Magnetometer surveys are typically performed to map buried metal objects and to provide geological information. Typically magnetic dykes are mapped as well as changes in the depth of magnetic bedrock due to faults and displacements. Magnetic data is normally collected on a grid, with the station spacing determined by the depth and width of the target. Stations are laid on either on a grid or, in mapping linear anomalies, on profiles perpendicular to the magnetic strike at an interval of several times the station spacing.
A magnetometer survey for hydro geologic and engineering applications is conducted on foot, by one operator. Spacing of traverses and readings depends on the width of the expected anomaly. For instance, buried drum searches may be conducted at one meter spacing while geologic mapping may be conducted at ten meter spacing.
- Mapping steeply dipping geological contacts
- Mapping regions of potential stress amplifications (eg. faults)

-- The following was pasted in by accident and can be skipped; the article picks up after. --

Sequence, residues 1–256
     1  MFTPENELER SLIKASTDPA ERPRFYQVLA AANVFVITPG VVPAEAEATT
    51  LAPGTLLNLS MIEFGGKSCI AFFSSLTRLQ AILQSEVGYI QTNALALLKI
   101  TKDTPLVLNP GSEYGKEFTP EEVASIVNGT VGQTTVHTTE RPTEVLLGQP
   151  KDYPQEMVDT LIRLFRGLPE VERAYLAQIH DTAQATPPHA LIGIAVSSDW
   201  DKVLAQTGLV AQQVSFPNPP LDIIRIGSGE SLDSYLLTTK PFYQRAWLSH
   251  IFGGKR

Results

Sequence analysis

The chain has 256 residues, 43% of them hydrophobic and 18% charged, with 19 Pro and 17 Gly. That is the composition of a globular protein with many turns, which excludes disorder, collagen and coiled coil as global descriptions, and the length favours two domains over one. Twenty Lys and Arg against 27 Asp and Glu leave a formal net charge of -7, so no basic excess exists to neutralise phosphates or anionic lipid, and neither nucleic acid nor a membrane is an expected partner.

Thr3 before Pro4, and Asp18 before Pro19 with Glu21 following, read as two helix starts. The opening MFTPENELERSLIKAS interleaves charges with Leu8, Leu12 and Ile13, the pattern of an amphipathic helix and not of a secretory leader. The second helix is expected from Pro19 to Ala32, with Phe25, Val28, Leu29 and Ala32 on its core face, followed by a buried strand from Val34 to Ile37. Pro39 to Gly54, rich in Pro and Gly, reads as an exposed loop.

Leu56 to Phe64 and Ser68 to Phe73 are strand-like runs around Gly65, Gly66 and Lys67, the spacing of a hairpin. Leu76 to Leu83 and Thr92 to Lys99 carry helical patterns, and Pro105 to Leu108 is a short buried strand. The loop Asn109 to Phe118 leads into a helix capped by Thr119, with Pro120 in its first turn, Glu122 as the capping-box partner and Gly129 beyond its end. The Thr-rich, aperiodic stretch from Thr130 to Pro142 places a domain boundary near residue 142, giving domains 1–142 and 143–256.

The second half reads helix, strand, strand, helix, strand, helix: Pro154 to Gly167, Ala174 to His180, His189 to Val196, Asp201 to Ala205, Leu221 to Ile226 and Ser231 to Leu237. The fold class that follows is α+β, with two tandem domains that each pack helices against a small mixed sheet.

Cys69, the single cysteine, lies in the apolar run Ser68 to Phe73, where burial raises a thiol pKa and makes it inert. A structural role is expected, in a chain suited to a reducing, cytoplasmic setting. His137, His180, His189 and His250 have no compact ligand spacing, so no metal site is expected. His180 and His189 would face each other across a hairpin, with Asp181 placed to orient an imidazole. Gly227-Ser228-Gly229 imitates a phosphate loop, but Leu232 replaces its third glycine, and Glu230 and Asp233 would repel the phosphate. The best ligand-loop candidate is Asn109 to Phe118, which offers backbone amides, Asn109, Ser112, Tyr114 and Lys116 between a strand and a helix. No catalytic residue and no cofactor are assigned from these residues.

- Mapping landfills
- Mapping of magnetic dykes
- Mapping archaeological sites (buried metal and steel objects)
- Mapping buried drums, steel pipes and other ferromagnetic objects
- Locating sand and gravel deposits that contain heavy minerals
- Although the magnetometer is a powerful tool, its most significant limitation is interference caused by high magnetic field gradients such as those resulting from steel-reinforced concrete buildings.
- One also has that power lines interfere with measurements. In areas with extensive metallic debris scattered over the surface no distinction can be made between surface debris and buried debris
- It is not recommended to conduct a magnetic survey during a magnetic storm due to large and unpredictable interference.
- Magnetic anomalies are often presented as dipole anomalies which can be difficult to interpret if one compares it with EM anomalies which show as monopole anomalies.
Ground magnetic data acquisition using a Geotron G5 Proton magnetometer
Bushveld Age dykes mapped in Pilgrims Rest to assist in characterization of the structural geology for gold exploration